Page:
Ehrlich's proposal to ease crabbing limits toughened

But new rules still allow watermen larger catch

April 01, 2003|By Tim Craig | Tim Craig,SUN STAFF

Bowing to pressure from environmentalists, Gov. Robert L. Ehrlich Jr.'s administration yesterday altered its plans to relax crabbing restrictions on the Chesapeake Bay.

The new restrictions, which take effect today, ease the regulations imposed last year by former Gov. Parris N. Glendening, but not by as much as Ehrlich had wanted.

The administration modified the proposal after legislators and environmentalists said the original plan failed to live up to an agreement between Maryland and Virginia to reduce the harvest by 15 percent this year.

Ehrlich's initial proposal would have reduced the harvest by 14.6 percent.

"If we go backward, it hurts everyone, and I don' t think anyone wants there to be no crab market in the bay," said Del. John F. Wood Jr., a St. Mary's County Democrat who is co-chairman of the Joint Committee on Administrative, Executive and Legislative Review.

Wood's committee approved the new regulations yesterday only after the Department of Natural Resources came up with a formula that achieves a 15.2 percent reduction in the harvest -- a plan that won the reluctant endorsement of both watermen and environmentalists.

"We are trying to be fair and looking for balance," said Theresa Pierno, executive director of the Chesapeake Bay Foundation.

The new regulations allow watermen to catch hard crabs as small as 5 inches until July 15, when the minimum size would return to 5 1/4 inches. Watermen could catch peeler crabs as small as 3 1/4 inches until the same date, after which the minimum size returns to 3 1/2 inches.

A season-long 3 1/2 -inch minimum size limit for soft shell crabs was also set.

The limits are designed to halt a steady decline in the blue crab population. Annual harvests have dropped from 55 million pounds in 1993 to 20.2 million pounds in 2000. That year, Maryland and Virginia reached an agreement to reduce the crab harvest by 15 percent in 2003. But Glendening successfully implemented the agreement in two years; if left intact, his regulations would have reduced the harvest by more than 17 percent this year.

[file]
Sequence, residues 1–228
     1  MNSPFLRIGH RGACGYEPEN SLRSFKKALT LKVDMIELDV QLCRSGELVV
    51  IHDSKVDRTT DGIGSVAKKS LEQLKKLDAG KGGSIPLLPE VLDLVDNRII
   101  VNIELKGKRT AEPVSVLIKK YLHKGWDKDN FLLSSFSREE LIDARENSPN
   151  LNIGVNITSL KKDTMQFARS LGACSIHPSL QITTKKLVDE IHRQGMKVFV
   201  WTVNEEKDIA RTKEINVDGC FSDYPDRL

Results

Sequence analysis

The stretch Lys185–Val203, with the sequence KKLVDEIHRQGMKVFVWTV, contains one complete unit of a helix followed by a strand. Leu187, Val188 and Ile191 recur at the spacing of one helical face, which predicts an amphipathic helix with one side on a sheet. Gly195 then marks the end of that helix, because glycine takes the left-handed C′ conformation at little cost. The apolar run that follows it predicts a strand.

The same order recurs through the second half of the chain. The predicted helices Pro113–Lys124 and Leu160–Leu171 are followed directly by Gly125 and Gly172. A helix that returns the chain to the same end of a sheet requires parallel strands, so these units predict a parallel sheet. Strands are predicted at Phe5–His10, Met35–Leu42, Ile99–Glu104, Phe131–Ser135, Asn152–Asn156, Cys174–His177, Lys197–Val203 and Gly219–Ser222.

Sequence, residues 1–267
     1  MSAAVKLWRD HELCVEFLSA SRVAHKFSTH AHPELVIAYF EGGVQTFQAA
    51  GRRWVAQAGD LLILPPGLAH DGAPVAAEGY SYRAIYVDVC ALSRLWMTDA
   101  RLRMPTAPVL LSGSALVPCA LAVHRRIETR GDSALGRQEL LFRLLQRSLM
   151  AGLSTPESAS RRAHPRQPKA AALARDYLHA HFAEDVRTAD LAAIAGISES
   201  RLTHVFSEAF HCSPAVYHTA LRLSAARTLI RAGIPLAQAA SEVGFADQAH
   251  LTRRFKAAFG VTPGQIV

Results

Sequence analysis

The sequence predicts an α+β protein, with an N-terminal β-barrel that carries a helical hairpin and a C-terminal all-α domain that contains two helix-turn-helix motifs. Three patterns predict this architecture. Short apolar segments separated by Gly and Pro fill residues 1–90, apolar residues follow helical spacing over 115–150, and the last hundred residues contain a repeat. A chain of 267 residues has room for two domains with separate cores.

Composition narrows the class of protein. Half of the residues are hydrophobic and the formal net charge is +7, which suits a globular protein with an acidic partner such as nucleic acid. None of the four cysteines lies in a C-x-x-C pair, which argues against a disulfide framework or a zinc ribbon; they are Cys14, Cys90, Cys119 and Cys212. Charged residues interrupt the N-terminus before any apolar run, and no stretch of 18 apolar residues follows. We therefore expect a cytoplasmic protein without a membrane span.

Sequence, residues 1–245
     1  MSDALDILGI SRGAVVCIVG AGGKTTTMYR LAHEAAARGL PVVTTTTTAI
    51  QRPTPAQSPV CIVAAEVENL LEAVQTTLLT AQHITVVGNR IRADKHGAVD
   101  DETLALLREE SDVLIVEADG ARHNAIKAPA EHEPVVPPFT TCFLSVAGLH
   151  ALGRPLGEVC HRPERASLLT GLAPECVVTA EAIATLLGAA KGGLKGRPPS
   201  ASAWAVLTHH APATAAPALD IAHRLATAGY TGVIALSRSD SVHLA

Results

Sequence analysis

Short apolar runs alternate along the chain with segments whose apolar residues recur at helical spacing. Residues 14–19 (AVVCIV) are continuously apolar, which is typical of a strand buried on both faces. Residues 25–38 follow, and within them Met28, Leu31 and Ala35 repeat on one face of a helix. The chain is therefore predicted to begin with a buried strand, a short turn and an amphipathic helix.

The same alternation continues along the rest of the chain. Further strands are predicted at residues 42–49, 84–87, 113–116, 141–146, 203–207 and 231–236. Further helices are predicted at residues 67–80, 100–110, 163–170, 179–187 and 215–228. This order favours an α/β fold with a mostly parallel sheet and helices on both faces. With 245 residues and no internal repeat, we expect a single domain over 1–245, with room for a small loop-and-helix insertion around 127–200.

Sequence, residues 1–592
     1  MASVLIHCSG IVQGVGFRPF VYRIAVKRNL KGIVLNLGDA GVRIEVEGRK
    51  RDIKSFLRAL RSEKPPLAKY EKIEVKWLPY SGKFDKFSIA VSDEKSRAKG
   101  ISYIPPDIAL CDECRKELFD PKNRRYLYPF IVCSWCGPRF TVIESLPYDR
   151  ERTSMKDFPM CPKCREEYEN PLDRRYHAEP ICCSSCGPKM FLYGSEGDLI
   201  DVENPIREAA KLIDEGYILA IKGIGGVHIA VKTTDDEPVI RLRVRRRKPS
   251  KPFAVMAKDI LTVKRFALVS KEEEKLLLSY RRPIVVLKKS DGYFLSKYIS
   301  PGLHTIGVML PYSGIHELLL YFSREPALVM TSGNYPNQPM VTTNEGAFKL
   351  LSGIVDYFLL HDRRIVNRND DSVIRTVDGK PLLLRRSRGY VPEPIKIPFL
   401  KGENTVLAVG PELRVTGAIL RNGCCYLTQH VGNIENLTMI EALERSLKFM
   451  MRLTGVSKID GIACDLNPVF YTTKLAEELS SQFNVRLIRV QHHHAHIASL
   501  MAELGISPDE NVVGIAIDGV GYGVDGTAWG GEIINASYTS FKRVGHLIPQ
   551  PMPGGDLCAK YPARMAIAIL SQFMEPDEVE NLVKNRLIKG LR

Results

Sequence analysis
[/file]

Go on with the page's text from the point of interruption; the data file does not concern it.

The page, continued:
Watermen, who heavily backed Ehrlich during last year's campaign, had complained that Glendening's restrictions went too far. In some cases, watermen said they lost 40 percent of their income last year because of the restrictions.

Dozens of watermen packed the committee room to plead for more lenient restrictions.

"If [Ehrlich's] regulations don't pass, it will devastate our ability to provide decent and respectable living conditions for my family," said Roy Meredith, president of the Atlantic and Coastal Bays Waterman's Coalition. "You will force me into poverty and onto welfare."

DNR Secretary C. Ronald Franks said he hopes everyone is pleased with the new regulations. "We have a lot of different people with a lot of different interests, but we all want the industry to survive," Franks said.

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